'Super agers' offer clue to keeping a sharp memory
Memory loss is not an inevitable part of ageing, say US scientists who are studying a unique group of adults in their 60s and 70s with minds as sharp as people in their 20s.
These "super agers" performed just as well on memory tests as "youngsters" a third of their age, researchers at Massachusetts General Hospital found.
Brain scans appeared to reveal why.
Regions involved with learning and retaining new information showed no sign of typical age-related shrinkage.
What's more, memory test scores correlated with brain size - those who performed best in the tests also had greater thickness in the key brain regions the researchers measured on MRI scans.
The study authors say their work, outlined in the Journal of Neuroscience, could ultimately help with understanding the processes that lead to dementia and if there are ways to avoid them.
As we age beyond our 50s, our brains tend to shrink in volume. Memory also begins to decline.
These widespread brain changes are considered entirely normal, but mounting evidence suggests they may not be universal.
Certainly in Alzheimer's disease, for example, there is notable shrinkage in parts of the brain involved with storing and retrieving memories.
The Massachusetts team focused their study on these parts of the brain, scanning and testing the cognitive skills of 40 older people (in their 60s and 70s) and 41 young people (aged 18 to 32).
The tests revealed that some of the older people had memory skills that rivalled those of the younger volunteers.
In these 17 "super agers", several parts of the brain's memory machinery - including the anterior insula and orbitofrontal cortex and the hippocampus - appeared thicker and healthier than normal for people of their age.
Lead researcher Dr Brad Dickenson said his findings built on those of colleagues from Northwestern University in Illinois, who coined the term super agers.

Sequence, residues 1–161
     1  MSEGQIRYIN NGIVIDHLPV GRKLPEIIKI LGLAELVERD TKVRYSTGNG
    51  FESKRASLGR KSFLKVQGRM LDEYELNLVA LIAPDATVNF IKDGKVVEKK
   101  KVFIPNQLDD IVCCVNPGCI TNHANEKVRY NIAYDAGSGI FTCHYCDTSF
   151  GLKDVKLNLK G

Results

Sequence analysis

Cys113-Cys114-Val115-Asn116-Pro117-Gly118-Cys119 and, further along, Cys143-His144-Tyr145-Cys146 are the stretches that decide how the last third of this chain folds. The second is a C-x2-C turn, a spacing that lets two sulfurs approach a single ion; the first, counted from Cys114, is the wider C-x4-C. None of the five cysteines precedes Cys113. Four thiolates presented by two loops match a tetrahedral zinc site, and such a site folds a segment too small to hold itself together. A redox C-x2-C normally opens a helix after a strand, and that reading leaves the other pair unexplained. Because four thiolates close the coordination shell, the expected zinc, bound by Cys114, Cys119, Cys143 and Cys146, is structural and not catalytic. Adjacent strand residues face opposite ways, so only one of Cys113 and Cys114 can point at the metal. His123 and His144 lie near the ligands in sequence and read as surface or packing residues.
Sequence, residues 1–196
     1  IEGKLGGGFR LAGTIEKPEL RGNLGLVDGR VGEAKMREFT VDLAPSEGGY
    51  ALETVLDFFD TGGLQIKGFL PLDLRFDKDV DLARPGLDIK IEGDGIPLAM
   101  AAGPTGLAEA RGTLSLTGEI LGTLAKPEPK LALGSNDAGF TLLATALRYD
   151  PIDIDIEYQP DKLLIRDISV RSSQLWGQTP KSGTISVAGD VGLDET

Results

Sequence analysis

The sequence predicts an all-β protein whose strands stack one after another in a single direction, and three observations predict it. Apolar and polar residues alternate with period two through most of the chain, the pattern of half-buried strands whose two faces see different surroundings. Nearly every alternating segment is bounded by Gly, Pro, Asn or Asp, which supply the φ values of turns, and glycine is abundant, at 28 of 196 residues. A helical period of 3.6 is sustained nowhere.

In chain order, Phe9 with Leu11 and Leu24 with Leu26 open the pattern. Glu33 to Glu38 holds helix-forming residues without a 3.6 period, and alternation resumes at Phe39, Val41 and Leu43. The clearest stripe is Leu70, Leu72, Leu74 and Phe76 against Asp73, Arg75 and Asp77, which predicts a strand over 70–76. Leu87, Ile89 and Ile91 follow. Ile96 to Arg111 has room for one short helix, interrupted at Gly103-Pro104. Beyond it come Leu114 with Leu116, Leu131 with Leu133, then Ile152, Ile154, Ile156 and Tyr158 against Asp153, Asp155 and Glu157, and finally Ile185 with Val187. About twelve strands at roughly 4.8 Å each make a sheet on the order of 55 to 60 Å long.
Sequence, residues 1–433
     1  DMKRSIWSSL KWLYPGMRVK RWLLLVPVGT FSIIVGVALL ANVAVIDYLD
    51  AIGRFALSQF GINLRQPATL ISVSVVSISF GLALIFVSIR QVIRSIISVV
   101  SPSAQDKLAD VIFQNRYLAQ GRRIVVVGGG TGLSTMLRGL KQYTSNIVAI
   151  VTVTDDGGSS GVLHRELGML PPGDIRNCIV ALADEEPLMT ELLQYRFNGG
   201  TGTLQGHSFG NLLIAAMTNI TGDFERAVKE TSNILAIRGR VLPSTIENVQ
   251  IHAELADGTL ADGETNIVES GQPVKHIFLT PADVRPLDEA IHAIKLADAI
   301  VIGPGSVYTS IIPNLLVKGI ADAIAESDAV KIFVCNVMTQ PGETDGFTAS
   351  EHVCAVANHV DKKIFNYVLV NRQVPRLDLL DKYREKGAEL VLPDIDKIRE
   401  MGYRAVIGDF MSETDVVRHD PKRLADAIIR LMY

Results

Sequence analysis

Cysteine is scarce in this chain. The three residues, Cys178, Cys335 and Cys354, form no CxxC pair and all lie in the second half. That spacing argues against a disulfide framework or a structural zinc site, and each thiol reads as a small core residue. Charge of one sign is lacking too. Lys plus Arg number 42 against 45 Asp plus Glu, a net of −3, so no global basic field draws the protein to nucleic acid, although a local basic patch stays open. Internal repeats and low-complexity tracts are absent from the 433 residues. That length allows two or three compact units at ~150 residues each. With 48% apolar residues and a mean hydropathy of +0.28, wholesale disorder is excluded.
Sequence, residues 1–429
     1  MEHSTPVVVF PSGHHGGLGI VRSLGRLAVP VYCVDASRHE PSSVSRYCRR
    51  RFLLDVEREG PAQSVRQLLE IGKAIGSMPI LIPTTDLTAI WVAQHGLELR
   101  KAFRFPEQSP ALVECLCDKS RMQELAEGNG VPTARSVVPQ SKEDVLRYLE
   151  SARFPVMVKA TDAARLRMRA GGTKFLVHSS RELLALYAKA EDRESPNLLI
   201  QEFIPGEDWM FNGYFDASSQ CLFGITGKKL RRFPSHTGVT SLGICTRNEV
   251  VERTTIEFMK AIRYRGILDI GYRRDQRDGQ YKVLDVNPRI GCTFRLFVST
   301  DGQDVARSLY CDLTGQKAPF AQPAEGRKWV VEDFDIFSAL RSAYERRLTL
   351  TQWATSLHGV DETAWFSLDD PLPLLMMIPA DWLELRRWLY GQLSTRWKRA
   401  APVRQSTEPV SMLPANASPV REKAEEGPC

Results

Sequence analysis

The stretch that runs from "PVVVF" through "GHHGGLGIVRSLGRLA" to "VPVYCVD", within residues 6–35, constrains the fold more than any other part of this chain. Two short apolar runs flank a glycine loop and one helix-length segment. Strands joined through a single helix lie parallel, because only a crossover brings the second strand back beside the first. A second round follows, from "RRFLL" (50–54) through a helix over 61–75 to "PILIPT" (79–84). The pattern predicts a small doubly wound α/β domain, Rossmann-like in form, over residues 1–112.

"They were looking at people in their 80s and comparing them with middle-aged people. We wanted to shift it slightly younger, to around the age of retirement. This is when you normally start to see some brain shrinkage."
He says the million-dollar question now is: "Can you make a person a super ager or are you born with it, and does it really make a difference in real life?
"We hope that there might be not just genetic factors that make people resilient but also things that people can do themselves, such as physical fitness and diet."
He said experts already know that certain factors, such as smoking and high cholesterol, age the brain faster.
Dr Rosa Sancho from Alzheimer's Research UK said: "Although it's not surprising that the brain areas preserved in super agers included those involved in memory, it's interesting that these are also areas known to be vulnerable to damage in diseases like Alzheimer's.
"The super ageing phenomenon is intriguing - do super agers exhibit enhanced memory as younger individuals or does it indicate resilience against the ageing process? Understanding why some people appear to enjoy better cognitive ageing than others could provide important clues about how to prevent age-related memory problems and provide insight into potential ways to reduce the risk of dementia."